Ronald Perelman accused the hall’s executive and artistic director of a lack of transparency and said he was frustrated by the slow pace of investigating his concerns.
Click on the following link for the article: www.nytimes.com
Dave Tate’s initial comments: This story raises many issues, not only about events at Carnegie Hall, but also for nonprofits in general and how their boards and executive officers operate, and related processes. I will have more to say about these events in later blogs. I am also sure that people will significantly disagree about what occurred and how it was or should have been handled.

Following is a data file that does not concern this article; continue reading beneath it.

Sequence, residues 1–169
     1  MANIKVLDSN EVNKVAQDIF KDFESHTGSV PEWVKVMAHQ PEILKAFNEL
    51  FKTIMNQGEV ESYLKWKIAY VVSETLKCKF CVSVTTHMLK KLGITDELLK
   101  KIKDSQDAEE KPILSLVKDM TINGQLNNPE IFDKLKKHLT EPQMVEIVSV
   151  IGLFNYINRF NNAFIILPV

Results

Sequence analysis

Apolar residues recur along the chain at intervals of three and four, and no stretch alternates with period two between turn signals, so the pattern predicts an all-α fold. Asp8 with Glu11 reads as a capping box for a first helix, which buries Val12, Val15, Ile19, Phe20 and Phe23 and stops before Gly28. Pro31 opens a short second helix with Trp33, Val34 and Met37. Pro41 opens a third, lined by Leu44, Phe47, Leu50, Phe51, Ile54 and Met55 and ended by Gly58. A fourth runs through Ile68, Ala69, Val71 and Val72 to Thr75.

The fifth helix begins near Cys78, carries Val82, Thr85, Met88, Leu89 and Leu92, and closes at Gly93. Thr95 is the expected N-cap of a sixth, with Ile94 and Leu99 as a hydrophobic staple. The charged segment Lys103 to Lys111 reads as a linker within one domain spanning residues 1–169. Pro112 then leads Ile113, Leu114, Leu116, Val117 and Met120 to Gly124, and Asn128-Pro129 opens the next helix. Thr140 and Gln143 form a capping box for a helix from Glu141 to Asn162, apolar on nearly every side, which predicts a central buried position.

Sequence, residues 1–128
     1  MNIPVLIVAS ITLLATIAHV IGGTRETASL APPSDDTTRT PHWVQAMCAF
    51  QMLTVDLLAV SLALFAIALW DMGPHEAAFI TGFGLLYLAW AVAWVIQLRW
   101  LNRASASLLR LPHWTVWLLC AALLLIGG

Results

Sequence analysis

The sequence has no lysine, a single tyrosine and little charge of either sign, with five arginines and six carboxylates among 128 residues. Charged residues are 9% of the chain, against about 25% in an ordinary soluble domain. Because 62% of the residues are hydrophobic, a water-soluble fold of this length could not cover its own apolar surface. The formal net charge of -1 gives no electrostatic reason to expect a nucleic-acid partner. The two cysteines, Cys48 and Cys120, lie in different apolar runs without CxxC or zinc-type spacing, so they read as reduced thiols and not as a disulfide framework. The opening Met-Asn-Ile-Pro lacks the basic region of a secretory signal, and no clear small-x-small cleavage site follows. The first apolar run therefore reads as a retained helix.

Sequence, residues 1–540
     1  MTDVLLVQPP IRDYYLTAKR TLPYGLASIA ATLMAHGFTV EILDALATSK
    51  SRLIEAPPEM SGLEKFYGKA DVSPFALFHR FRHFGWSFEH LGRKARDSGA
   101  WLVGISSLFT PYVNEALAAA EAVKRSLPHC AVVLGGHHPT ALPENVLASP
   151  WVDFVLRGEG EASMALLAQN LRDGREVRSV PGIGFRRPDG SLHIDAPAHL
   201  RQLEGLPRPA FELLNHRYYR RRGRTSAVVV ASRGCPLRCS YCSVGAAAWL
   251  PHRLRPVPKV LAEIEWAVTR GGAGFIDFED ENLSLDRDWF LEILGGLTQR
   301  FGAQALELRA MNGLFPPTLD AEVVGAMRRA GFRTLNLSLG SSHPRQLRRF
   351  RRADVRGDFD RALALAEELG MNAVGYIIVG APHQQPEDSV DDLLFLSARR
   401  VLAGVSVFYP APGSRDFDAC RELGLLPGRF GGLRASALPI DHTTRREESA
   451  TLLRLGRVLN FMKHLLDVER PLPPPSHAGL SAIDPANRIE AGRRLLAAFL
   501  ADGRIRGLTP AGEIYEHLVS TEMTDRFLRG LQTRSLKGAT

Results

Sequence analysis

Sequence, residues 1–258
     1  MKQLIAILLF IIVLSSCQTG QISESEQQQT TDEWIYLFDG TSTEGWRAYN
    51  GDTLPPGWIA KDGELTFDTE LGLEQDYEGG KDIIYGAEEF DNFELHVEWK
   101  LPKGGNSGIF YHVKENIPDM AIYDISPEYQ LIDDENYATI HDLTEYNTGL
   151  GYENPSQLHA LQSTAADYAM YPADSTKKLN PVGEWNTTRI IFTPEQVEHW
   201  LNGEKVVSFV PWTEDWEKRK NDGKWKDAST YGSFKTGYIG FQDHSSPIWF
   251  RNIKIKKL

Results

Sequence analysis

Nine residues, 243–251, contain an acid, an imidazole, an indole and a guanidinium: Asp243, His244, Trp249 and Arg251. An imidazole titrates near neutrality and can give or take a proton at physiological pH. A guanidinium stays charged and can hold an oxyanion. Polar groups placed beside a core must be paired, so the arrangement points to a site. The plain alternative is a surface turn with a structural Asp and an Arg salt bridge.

For example, I have already seen a discussion about whether Mr. Perelman should have simply announced his decision to not run for board chair re-election, and then say something to the effect that it was for personal or family or business reasons to spend time on other issues and things that were going on in his life. My thoughts on that issue: whereas the nonprofit undoubtedly would have preferred that the facts of this issue not become public, if asked why the decision to not run for re-election as chair of the board, would anyone expect Mr. Perelman or any other executive who is in the know at the nonprofit, to respond in a manner that misrepresents the situation or is dishonest? Might it be unlawful to communicate a response that misrepresents the situation or is dishonest – certainly it can be argued that such a response reflects on governance and tone-at-the-top.